Verse 1. - Deliver me from mine enemies, O my God. This is David's almost constant cry (see Psalm 7:1; Psalm 17:13; Psalm 22:20; Psalm 25:20; Psalm 31:1, 2, 15; Psalm 35:17; Psalm 40:13; Psalm 43:1; Psalm 69:18; Psalm 70:1, 4; Psalm 109:21, etc.). He has enemies, both domestic and foreign. In his early youth Saul becomes his enemy out of jealousy; then most of Saul's courtiers espouse their master's quarrel, he has enemies at the court of Achish; enemies in his family, even among his sons, as Absalom enemies among his counsellors, as Ahithophel; foreign enemies on all sides of him - Philistines, Edomites, Moabites, Ammonites, Amalekites, Syrians, Mesopotamians, etc. Against all of them he invokes God's aid, and by God's aid he triumphs over all. Defend me from them that rise up against me; or, set me on high above them (Kay, Revised Version). David's domestic foes "rose up against him," no less than his foreign foes; made war on him; sought to seize his person, and put him to death.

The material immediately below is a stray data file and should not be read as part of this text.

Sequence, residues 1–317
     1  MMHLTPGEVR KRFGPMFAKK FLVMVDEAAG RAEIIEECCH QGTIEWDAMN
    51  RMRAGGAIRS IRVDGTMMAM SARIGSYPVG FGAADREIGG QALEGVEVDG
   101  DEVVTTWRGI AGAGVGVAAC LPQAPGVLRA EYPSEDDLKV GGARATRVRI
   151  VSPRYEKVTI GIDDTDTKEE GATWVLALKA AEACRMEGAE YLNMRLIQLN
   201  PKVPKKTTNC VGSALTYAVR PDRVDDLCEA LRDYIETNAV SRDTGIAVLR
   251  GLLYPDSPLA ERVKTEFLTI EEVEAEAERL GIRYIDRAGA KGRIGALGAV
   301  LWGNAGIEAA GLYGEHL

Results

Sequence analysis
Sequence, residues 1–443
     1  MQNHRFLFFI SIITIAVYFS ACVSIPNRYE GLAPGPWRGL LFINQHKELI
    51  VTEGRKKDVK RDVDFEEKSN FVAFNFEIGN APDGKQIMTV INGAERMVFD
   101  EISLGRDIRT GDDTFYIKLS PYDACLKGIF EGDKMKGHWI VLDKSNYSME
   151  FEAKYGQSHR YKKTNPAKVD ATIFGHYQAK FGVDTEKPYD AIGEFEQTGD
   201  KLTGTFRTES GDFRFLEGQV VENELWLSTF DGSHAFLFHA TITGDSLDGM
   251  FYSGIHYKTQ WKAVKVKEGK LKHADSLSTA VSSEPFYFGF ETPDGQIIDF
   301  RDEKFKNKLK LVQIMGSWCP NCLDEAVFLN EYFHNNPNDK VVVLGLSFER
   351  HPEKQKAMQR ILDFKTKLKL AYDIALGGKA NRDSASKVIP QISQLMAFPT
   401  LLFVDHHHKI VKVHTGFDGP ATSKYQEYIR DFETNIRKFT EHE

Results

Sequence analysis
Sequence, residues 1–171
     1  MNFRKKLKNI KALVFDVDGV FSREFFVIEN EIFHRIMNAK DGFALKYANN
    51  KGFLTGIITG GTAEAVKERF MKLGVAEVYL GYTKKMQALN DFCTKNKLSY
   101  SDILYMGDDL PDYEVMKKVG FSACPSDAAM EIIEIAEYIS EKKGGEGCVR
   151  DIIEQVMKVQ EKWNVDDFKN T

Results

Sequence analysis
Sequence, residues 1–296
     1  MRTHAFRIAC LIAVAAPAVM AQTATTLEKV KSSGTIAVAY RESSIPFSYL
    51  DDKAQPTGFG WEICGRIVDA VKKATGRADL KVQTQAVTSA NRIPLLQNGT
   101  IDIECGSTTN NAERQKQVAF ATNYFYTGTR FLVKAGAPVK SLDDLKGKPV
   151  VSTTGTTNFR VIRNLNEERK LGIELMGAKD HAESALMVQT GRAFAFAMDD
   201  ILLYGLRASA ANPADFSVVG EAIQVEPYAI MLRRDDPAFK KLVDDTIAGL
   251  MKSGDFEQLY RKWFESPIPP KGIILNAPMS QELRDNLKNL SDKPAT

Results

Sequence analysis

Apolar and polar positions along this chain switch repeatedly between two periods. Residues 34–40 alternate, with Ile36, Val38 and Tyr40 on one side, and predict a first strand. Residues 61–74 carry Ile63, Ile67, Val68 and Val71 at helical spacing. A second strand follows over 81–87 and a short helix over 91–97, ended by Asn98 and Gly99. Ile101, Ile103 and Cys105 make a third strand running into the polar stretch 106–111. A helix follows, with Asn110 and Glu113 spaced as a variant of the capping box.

Deliver me from the workers of iniquity, and save me from bloody men.
Verse 2. - Deliver me from the workers of iniquity, and save me from bloody men. Foreign enemies are never reproached with being "bloody men," since war is their trade, and it is their business to wound and slay.
For, lo, they lie in wait for my soul: the mighty are gathered against me; not for my transgression, nor for my sin, O LORD.
Verse 3. - For, lo, they lie in wait for my soul. The emissaries of Saul were sent to David's house "to watch him, and to slay him in the morning" (1 Samuel 19:11). This seems to be the "lying in wait" intended. Warned by his wife, Michal, Saul's daughter, David fled from his house during the night through a window, and so saved himself (1 Samuel 19:12). The mighty (or, the strong ones) are gathered against me; not for my transgression, nor for my sin, O Lord. Not in consequence of any wrong that I have done. It is noted, as characteristic of David's early psalms, that he protests his absolute innocence in them.
They run and prepare themselves without my fault: awake to help me, and behold.